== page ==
February 24, 2007


India: Bush's forgotten triumph (Bill Emmott, 2/25/.07, Times of London)

In Bush's case, although foreign policy has been dominated by Afghanistan and Iraq, it may prove that his most important strategic move was the nuclear pact between the United States and India signed a year ago. [...]

In the West people have been obsessed by the threat from China, mainly to their jobs but also to their leadership in the world, and in the past few years have begun to add India to their concerns. If "the world is flat", in Tom Friedman's phrase, then even white-collar jobs can migrate to these enormous, low-cost producers. By the middle of this century Goldman Sachs forecasts that both China and India will have overtaken us all in economic output. They are a threat, so western thinking goes.

We can debate whether those forecasts make sense, or whether the political systems of either country will survive economic transformation. Yet this too is to miss the real point. China's growth is setting off a new power game in Asia that will in turn affect the world. And the country that feels most threatened by that growth and that game is not Britain, America or France. It is India.

If you talk to Indian military folk, or recently retired top diplomats freed from the restraints of office, the message is clear. India feels increasingly encircled by China's foreign policy and by its economic development.

China's vast hunger for energy and other natural resources has led it, as was noted copiously during President Hu Jintao's recent tour of Africa, to make investments and friendships, lubricated by aid grants and cheap loans, with resources producers in Africa and the Middle East. India has been doing the same, albeit on a smaller scale. But this trend has also brought Chinese influence into the Indian Ocean.

Chinese engineers are building a deep-water port at Gwadar in Pakistan and are working on a harbour in southern Sri Lanka. China has installed surveillance equipment on the Coco Islands off the coast of Burma, islands that India gave to Burma in the 1950s. China has been selling arms to Bangladesh and to Nepal. It has a contingent of troops in Sudan protecting its investments there. Pipelines and roads are planned across Burma and perhaps Bangladesh to enable China to reduce its dependence on the narrow shipping route through the Malacca Straits that connects the Indian Ocean to the South China Sea.

On his African tour, Hu also found time to visit the Seychelles, where he went neither for resources nor snorkelling. In due course China would like its naval ships to be able to call in on ports there.

None of this is directly hostile to India. It is all a logical extension of China's economic growth. But it makes India feel vulnerable, makes it sure it needs to make countermoves to maintain its position in its own neighbourhood and to guarantee its own access to natural resources, and makes it sure it needs to maintain its naval superiority over the Chinese fleet.

It also convinces Indian policy makers of the vital need for India's own economic growth to be sustained or even accelerated, in order to avoid being dominated by its already richer neighbour. And it means that India needs friends.

That is why Bush's nuclear pact with India makes such strong strategic sense. Having been estranged from India during the cold war, thanks to India's decision to build trade and military ties with the Soviet Union, America had been edging closer to India during the 1990s, and India had been encouraging that process. India doesn't want formal alliances, it doesn't want to confront China, and it doesn't want to close off its options. But it does need nuclear energy and it does want a close friendship with the world's superpower. The nuclear pact has given it both.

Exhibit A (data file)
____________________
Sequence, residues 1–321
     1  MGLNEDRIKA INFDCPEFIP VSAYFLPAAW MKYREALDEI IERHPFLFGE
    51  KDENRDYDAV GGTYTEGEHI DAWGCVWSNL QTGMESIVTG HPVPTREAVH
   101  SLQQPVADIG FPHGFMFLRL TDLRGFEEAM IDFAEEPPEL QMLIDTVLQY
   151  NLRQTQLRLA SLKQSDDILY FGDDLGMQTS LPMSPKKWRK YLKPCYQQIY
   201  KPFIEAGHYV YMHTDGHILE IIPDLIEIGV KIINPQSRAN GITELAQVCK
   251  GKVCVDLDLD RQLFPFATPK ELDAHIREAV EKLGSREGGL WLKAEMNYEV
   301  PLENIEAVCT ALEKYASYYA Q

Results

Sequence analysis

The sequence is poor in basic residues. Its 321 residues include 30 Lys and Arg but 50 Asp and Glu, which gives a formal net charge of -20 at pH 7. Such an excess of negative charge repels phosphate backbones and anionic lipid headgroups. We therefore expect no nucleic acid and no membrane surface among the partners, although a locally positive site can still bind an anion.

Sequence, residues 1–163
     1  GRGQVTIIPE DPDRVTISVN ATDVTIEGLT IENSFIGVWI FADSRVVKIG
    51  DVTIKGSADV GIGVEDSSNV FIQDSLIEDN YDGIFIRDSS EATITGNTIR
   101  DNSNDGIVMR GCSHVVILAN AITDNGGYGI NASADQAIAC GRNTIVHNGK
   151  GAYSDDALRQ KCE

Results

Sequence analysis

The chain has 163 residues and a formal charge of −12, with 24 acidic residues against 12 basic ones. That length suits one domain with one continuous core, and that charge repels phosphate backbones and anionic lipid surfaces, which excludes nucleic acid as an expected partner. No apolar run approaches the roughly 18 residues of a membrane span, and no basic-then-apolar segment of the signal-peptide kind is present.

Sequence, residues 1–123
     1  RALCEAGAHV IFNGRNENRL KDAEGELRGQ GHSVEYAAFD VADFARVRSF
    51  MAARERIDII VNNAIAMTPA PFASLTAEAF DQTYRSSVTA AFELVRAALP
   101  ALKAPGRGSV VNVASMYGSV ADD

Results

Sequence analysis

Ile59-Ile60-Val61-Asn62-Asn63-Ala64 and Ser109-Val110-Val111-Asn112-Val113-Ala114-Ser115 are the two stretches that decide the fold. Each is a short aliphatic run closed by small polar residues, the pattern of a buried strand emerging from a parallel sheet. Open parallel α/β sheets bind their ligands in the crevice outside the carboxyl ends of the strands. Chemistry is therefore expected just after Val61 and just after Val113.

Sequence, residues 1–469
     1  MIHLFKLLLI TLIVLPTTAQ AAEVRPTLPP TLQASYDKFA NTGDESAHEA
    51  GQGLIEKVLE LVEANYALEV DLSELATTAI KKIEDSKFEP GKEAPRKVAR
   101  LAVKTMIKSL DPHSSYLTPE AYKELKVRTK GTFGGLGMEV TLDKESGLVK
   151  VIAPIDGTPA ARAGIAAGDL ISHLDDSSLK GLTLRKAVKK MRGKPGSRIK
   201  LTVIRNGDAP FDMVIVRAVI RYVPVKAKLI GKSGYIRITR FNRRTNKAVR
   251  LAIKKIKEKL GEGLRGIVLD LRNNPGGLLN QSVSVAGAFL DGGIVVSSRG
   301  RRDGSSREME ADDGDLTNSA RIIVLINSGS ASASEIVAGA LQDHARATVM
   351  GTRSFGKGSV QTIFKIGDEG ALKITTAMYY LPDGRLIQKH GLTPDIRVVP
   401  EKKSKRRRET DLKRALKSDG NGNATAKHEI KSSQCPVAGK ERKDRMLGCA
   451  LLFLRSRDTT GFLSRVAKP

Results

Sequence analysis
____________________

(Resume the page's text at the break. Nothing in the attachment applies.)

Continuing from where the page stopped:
China is actually doomed for many of the same reasons that Mr. Emmott brilliantly demonstrated that Japan was twenty years ago, but this alliance will be paying dividends long after China implodes.

Posted by Orrin Judd at February 24, 2007 9:40 PM

Why precisely is China "doomed" if you don't mind?

Posted by: HL at February 25, 2007 7:11 AM

Why precisely is China "doomed" if you don't mind?

Posted by: at February 25, 2007 7:13 AM

For one thing a state run economy can't sustain itself. Infrastructure issues come to mind too.

Posted by: Bartman at February 25, 2007 9:12 AM

Demographics, artificiality, culture, and ideology:


Posted by: oj at February 25, 2007 9:34 AM


I thought they'd changed their name to Myranmar (or something like that), and that it's cultural imperialism to use on old or anglicized name. (Then again, what ever happened to Zaire and Kampuchea?)

Posted by: Raoul Ortega at February 25, 2007 11:39 AM

China is spending 40% of its' GDP on infrastructure. The government controls less of the economy than France or Germany do. What will get them is what got Japan: poor governance and a very sick financial sector. Their capital controls are also contributing to a real-estate bubble and inflation. Additionally the lack of arable land, growing disparity between rural and urban wages and billion-plus population substantially reduces their ability to cope with shocks to the system.

Posted by: Ali Choudhury at February 25, 2007 11:55 AM

Ann uncreative culture, demographics and ethnic separatism too.

Posted by: oj at February 25, 2007 2:16 PM

Ali: 40% of GDP on infrastructure? The numbers I've seen are "roughly 9%" ($200 billion USD a year) But I don't know how reliable that is.

Two things I would like to add to Ali's and oj's posts are that the growth is primarily coastal and produces junk, taking away valuable resources that could produce more viable products. And thanks to its "one-child" policy it is one of the most rapidly aging countries of the world.

Posted by: Bartman at February 25, 2007 5:16 PM